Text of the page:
Revision as of 14:42, 10 January 2012
Welcome to Network Testing. This is an area in Advanced Testing
||NOTES AND DETAILED INSTRUCTIONS
|Determine what kind of Network Device it is
- There are several kinds of network devices.
- A hub is a device that provides multiple ethernet ports for plugging in multiple wired devices into a network. From a technical standpoint, hubs are fairly simple: they take information that is received over one port and sends it back out over all the other ports. In order to work properly, a hub typically requires the existence of a device that manages and directs traffic somewhere on the network it is plugged into in order to work properly.
- A switch is essentially a hub that can better handle more information passing through it. Like a hub, a switch needs a device that manages traffic on a network in order to work properly.
- A router is a small computer, typically with a built-in network switch, that manages and directs traffic. A router can assign IP addresses to computers, pass their requests for information from computers to a gateway, and redirect incoming information from a gateway to a specific computer. A router itself is typically the central component of a home network.
- A gateway is a device that allows you to connect networking devices to the Internet. Gateways typically only allow one connection for a network device, but newer ones have built-in routers and switches. Some may also create wireless networks. A cable or DSL Modem is a type of gateway.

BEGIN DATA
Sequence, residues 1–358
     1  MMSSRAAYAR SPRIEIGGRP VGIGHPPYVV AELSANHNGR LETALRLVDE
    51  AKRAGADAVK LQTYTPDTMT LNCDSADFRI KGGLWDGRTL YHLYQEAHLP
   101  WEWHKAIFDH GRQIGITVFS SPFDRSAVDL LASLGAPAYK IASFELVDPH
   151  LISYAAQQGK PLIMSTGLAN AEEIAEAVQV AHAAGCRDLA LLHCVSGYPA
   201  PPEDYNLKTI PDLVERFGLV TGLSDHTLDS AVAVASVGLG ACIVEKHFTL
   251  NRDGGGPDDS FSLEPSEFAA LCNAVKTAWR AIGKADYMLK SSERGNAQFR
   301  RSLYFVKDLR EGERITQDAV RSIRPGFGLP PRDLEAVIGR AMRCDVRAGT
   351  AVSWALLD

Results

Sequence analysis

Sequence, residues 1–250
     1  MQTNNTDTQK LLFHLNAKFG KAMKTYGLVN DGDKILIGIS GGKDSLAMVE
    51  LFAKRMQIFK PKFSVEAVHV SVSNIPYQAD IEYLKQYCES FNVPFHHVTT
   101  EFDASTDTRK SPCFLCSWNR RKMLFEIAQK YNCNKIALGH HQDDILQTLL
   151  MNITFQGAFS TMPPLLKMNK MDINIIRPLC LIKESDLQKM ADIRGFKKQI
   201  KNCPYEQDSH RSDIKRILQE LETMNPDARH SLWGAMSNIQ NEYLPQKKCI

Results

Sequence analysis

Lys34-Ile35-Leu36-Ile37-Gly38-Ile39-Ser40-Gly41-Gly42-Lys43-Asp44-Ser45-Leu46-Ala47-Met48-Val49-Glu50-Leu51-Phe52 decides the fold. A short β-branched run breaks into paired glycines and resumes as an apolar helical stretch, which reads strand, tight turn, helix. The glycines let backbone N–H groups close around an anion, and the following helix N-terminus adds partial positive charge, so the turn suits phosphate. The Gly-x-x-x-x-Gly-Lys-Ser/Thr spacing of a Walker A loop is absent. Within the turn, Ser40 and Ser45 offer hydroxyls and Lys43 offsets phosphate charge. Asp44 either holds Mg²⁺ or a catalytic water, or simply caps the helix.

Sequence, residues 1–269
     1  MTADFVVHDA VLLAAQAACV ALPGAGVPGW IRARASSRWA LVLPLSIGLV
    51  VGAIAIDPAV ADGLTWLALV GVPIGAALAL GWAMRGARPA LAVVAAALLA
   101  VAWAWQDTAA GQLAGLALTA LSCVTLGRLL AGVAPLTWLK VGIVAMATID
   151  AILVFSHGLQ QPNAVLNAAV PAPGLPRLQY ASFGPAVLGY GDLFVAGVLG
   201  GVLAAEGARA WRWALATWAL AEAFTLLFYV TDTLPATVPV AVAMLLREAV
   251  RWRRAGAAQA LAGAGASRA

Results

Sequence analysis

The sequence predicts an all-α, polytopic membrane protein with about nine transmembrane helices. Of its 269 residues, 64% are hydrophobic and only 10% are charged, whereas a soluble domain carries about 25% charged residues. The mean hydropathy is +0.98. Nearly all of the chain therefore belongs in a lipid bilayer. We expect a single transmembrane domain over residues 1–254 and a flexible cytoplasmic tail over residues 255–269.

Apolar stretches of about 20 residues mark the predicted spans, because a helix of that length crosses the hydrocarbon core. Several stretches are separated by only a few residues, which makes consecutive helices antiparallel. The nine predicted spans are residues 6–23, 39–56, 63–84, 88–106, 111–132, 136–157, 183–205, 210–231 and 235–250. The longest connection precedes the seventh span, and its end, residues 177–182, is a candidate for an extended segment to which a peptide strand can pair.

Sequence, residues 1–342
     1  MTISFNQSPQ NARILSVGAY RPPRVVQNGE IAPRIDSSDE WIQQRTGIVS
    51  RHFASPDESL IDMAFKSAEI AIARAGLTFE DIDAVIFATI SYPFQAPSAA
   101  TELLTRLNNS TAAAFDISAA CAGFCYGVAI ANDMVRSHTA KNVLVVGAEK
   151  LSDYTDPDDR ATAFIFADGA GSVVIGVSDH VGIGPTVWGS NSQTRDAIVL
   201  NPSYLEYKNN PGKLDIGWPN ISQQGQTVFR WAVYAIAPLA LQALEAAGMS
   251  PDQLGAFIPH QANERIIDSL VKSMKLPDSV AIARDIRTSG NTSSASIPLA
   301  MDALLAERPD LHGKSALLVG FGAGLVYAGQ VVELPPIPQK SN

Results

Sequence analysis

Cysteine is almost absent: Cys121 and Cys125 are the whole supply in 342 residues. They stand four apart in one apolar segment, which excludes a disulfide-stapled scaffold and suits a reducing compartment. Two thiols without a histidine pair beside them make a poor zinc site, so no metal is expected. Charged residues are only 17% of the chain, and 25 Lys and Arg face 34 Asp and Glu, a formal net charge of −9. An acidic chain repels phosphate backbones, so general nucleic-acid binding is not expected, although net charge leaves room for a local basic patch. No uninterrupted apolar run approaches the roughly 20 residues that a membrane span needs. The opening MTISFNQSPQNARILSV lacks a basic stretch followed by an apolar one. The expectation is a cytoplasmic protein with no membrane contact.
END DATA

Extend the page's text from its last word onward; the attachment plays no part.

|Determine if the Thrift Store wants it
- Check the Whiteboard.
- In an open Firefox browser, click where the toolbar says "Whiteboard." You can also find it here: Whiteboard. This will tell you what the store does and does not want on that day. Recycle anything that they do not want.
- Things we don't test
- Firewall/VPN devices
- KVM switches
- Recycle anything not needed by the store, and any of the above items which we do not test.
|Pair the Network Device with Power Supply
Somewhere on the device it should give the required voltage and amperage. Once you find a matching power supply that fits, plug in the power supply and place both the device and power supply into the blue bin for network devices to be tested.
|Check for Damage
If it's missing parts or visibly broken, recycle it. If there's dirt or grime wipe it down with a rag and some cleaning solution.
|Check for Power On
Grab a networking device and its attached power supply from the blue tub. Plug the device into a power source.
- If there are power lights, make sure they come on.
- If there is a reset button, press it for ~30 seconds to restore default settings.
- Plug the network device in with Das Unternet (the internet jack on the wall, labeled as such). NEVER PLUG A NETWORKING DEVICE INTO ANY OTHER ETHERNET CABLE!
- Open up an internet browser on the testing station system. With the system mouse, click "Test Network Device" on the top bar of the browser. This page should say, "It works!" Repeat for each existing ethernet port.
- If it is a wireless router
- Affix a "Tested By" sticker with your initials on the device.
- Place in the "4 Store" box.
- If it is the last device you're testing for the day, please clean up the testing station, putting away tools, cables and everything else.